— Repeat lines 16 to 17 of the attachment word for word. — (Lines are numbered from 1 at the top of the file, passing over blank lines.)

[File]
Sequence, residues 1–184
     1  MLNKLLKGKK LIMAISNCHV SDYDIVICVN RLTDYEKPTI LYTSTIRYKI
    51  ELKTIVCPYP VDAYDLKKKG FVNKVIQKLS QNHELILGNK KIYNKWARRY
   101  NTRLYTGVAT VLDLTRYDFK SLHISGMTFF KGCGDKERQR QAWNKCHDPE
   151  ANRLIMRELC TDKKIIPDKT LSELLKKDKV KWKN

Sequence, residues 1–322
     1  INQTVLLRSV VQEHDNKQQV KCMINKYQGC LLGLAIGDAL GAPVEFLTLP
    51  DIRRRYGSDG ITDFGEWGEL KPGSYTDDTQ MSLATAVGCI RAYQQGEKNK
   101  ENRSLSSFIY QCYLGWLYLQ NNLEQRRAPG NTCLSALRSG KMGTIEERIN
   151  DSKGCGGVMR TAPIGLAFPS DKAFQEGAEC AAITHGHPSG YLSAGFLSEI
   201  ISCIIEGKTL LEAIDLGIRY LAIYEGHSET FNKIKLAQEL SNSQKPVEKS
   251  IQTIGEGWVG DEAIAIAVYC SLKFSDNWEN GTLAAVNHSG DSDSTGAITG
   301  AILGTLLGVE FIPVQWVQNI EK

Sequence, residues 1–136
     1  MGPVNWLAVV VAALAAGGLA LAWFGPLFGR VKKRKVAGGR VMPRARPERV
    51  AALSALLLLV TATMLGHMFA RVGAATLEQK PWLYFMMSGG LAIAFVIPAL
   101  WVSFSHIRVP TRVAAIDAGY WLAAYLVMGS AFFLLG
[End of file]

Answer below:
    51  AALSALLLLV TATMLGHMFA RVGAATLEQK PWLYFMMSGG LAIAFVIPAL
   101  WVSFSHIRVP TRVAAIDAGY WLAAYLVMGS AFFLLG